With all the competition, runway shows are a way for denim companies to stand out from their peers, especially by capturing the lens of magazine, newspaper and television cameras. Bernholtz, for example, said pictures of the denim wedding dress taken in L.A. ran in publications all over the world.


"It gave Michael (Ball, the chief executive and designer) a chance to create some designs that weren't necessarily street ready, but they were runway ready. It really made a stamp," she said.


Shock value
The response to denim companies' runway extravaganzas hasn't all been positive. In the dash for the spotlight, these companies have been accused of going too far, showing too much skin and not enough clothing. They've also been accused of hogging the limelight from emerging designers trying to break onto the fashion scene.


Even Bernholtz, who wouldn't point a finger at a specific company, said that runway shows in L.A. sometimes become contrived in the drive to grab attention. "It is a fine line, and I think it gets crossed in Los Angeles. It doesn't have to be a circus," she said.


This season, Rock & Republic intends to tone down its L.A. Fashion Week splash. Instead of producing a runway show, the company will be hosting a black-tie event to showcase wares for the fall season. That means 800, rather than about 4,000 people, will be treated to a Rock & Republic soiree.


On the runway, Mallis suggested bare breasts aren't going to be quite the distraction they were the last time around at some denim shows. "I am fairly certain that our producing team talked to everybody about that," she said. However, she added, "We are not the squad that is putting in ratings on shows out here."


Besides, any restrictions on the shows could backfire. The denim companies maintain that they aren't creating a stir for controversy's sake, but they know it attracts an audience both at the Culver City Fashion Week venue and with the public at large.


Denim companies have a major runway challenge: they have to make shows entertaining, while at the same time focusing mainly on jeans. Rock & Republic uses the time to highlight some of its other items. Bernholtz said the company tries to mix things up with its edgy designs and by adding accessories and shoes to the shows. "It showed a range of the lifestyle of a rock girl," she said.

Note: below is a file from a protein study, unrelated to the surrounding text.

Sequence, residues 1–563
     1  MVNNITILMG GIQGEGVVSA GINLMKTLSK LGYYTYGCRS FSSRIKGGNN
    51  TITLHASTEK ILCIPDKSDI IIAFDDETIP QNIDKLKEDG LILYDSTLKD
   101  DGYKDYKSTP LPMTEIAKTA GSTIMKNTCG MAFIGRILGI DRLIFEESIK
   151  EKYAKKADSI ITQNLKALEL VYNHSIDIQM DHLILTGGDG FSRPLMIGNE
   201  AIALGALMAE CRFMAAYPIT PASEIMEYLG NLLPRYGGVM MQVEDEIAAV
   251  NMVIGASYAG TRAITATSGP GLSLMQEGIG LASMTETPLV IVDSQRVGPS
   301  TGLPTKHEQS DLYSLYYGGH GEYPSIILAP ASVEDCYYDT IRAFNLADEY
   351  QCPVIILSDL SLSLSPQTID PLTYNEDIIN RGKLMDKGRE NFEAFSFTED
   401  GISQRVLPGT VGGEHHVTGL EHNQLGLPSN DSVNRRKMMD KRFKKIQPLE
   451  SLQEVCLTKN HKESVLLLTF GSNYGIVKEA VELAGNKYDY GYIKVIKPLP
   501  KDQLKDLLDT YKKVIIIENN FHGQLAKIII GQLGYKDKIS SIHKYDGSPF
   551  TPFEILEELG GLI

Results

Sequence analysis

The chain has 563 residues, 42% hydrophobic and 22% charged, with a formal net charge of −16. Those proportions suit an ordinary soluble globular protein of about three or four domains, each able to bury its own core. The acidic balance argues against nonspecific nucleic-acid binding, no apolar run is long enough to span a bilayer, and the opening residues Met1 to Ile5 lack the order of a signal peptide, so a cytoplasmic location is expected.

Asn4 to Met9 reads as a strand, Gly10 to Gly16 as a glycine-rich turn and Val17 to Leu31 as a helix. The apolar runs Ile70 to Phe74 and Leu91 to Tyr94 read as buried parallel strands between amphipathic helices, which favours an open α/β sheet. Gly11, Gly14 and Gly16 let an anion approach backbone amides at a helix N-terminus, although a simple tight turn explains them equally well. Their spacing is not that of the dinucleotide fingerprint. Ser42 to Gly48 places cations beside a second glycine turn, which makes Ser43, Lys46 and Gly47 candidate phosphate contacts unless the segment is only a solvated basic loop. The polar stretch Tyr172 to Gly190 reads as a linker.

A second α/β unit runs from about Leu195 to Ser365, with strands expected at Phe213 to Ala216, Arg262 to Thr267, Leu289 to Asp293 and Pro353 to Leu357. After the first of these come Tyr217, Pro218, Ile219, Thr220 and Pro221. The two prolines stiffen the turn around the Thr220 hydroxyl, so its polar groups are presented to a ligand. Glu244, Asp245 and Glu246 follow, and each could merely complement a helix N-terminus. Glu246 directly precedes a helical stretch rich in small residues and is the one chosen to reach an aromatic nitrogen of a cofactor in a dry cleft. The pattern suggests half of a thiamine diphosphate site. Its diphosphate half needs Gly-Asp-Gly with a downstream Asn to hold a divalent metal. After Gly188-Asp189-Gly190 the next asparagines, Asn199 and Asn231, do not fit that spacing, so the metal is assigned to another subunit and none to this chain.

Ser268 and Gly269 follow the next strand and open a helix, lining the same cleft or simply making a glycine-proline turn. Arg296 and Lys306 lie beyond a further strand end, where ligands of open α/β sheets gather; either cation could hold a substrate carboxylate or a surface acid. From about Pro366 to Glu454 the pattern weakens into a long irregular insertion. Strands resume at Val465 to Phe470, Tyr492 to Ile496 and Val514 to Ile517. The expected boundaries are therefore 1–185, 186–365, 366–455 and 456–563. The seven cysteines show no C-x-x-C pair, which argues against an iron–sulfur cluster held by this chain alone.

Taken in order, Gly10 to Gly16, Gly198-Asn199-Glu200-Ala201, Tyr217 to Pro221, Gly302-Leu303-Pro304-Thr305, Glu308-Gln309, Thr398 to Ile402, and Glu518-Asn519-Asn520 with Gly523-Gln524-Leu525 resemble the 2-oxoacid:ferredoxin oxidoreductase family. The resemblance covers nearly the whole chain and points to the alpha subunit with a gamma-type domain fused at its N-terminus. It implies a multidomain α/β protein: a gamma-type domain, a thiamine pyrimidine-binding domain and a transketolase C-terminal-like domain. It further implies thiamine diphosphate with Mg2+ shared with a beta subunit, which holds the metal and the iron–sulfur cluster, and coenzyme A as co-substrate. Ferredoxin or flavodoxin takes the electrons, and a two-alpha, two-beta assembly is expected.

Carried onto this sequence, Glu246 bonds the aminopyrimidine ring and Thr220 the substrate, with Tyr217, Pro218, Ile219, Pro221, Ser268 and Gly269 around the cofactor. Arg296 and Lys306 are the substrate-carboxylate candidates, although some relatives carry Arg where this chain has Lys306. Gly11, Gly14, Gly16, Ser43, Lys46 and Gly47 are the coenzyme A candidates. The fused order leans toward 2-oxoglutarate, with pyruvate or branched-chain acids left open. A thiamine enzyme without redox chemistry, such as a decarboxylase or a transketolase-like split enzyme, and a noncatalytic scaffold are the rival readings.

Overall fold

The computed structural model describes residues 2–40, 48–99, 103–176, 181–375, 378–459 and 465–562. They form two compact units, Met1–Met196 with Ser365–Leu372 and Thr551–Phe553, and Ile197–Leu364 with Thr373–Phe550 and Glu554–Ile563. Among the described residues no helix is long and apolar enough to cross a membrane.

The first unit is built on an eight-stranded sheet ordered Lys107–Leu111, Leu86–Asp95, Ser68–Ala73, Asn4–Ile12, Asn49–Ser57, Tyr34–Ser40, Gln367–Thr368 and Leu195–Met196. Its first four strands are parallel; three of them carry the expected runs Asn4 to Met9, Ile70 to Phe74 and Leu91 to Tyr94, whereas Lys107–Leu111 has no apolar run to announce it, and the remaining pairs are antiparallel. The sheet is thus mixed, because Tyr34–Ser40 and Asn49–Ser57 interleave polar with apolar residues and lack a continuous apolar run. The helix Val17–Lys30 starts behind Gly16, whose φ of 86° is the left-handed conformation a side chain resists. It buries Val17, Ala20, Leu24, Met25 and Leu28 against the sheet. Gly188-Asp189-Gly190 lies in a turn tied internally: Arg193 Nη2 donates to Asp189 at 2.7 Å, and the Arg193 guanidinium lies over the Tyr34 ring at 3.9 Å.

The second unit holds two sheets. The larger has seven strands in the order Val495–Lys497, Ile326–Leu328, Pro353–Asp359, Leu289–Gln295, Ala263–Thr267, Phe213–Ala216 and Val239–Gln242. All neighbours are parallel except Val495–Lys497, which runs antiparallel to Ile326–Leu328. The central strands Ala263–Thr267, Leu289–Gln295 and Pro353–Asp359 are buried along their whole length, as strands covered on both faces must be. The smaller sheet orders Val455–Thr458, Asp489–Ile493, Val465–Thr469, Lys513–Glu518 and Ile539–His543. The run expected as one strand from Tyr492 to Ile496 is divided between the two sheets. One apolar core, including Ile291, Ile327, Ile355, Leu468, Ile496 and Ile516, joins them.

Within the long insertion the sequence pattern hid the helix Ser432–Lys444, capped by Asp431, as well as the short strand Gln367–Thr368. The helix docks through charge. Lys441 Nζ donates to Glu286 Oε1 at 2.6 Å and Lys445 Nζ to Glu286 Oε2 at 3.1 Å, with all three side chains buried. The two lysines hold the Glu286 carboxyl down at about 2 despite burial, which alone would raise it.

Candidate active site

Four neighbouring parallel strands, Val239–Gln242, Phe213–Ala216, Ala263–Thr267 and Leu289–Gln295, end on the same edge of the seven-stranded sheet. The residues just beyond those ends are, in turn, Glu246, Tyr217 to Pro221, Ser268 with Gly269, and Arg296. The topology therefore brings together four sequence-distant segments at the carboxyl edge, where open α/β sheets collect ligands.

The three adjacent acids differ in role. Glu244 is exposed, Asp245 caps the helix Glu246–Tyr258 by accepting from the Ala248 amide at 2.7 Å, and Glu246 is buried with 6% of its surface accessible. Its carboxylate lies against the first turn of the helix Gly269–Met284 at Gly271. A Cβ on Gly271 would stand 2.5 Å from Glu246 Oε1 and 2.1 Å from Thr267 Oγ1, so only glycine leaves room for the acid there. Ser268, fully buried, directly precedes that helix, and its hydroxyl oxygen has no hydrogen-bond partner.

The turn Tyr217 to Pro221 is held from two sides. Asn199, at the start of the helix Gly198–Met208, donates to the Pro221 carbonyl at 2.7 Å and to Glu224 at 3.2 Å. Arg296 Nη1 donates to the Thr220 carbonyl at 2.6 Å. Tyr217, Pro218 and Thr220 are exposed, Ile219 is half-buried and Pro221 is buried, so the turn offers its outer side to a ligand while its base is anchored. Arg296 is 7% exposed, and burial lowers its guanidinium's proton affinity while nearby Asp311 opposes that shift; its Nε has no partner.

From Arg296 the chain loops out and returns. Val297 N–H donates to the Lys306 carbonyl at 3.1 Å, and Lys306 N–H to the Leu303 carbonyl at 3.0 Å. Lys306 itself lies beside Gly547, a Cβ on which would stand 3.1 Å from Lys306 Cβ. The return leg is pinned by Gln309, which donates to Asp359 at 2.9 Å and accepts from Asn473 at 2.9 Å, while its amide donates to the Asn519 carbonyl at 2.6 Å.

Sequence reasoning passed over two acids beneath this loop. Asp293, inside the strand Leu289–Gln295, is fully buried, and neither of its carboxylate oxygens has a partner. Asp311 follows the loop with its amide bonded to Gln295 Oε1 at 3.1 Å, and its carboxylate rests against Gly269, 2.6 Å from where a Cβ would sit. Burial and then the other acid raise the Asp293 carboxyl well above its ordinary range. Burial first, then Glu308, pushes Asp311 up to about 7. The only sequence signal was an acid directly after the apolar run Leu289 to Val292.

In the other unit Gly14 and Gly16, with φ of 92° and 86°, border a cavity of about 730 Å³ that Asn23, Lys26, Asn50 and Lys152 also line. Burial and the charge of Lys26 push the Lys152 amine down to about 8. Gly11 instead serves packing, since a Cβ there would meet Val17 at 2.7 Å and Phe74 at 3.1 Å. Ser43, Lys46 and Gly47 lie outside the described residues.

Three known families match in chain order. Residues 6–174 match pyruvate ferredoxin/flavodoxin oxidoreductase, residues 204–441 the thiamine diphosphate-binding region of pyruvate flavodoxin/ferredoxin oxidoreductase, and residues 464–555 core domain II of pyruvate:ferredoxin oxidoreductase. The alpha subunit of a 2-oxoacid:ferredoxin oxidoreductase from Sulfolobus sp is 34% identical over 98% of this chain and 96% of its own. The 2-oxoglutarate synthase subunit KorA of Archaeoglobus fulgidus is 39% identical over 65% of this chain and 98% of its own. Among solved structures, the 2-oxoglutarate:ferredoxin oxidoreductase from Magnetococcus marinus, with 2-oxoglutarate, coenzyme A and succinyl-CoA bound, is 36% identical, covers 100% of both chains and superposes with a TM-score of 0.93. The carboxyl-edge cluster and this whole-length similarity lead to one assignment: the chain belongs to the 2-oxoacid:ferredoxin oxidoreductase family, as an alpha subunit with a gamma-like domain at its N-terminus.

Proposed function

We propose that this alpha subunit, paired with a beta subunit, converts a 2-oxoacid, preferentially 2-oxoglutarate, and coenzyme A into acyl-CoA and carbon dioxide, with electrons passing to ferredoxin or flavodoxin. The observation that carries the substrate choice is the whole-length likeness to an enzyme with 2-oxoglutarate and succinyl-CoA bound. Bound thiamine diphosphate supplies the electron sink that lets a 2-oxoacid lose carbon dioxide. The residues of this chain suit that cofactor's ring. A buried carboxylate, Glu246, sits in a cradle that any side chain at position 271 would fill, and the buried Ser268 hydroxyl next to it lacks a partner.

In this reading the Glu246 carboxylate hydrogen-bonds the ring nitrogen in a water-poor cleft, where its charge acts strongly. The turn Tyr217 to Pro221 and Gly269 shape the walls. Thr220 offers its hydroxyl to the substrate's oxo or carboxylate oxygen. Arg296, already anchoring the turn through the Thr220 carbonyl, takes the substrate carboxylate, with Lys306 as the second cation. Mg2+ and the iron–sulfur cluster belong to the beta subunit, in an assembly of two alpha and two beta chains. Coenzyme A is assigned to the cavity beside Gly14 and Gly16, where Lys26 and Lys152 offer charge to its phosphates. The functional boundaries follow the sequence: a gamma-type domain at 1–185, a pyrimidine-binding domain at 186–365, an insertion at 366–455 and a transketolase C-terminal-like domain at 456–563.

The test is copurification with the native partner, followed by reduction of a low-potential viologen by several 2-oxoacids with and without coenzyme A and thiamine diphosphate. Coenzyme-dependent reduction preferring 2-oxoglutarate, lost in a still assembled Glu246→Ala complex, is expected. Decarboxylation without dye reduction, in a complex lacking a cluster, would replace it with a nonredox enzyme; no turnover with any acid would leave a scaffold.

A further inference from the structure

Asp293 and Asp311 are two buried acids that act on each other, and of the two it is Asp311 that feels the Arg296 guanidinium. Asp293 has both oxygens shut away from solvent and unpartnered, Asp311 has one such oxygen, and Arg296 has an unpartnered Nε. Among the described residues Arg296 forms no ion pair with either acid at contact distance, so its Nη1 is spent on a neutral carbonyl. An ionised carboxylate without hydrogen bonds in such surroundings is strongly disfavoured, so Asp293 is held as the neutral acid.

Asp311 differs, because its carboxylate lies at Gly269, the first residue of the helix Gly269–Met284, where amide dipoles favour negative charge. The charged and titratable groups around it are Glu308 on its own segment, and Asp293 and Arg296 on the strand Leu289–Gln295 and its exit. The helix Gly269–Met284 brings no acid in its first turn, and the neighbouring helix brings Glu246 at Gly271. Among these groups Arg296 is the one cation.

Lindsay Johnson, an assistant buyer at Hollywood clothing store Tracey Ross, is not planning to attend a fall season jean show, although she has attended denim company Frankie B. Inc.'s in the past. There's only so much that can be done with jeans, she said.


"It is really hard to break the mold in denim. Runway shows are about the drama. And a pair of jeans, if you really look at it, is a pair of jeans," Johnson said.


Still, young jean companies look to the runway as a vehicle for exposure. Genetic's Fatourechi hopes to show at L.A. Fashion Week in the future, once he's put together a full collection. He said the runway could be a great place to present what could be the next hot craze.


Right now, Fatourechi is pondering what's coming after the popularity of the skinny-legged jeans ebbs. When he figures that out, he knows the right place to showcase his latest styles. "LA is a hip city and it is sexy," he said, "and there are definitely trendsetters out here."


Unlike many other runway shows, Handschiegel pointed out that clothes at L.A. Fashion Week aren't just meant for the models they often make it to the mass market. Certainly, for denim companies, the public prods the jean mania, and the runways simply heat up consumer demand.


"Our fashion community is a lot of street wear. The stuff that comes out of our runways is what people wear and can afford," she said. "It is the everyday girl."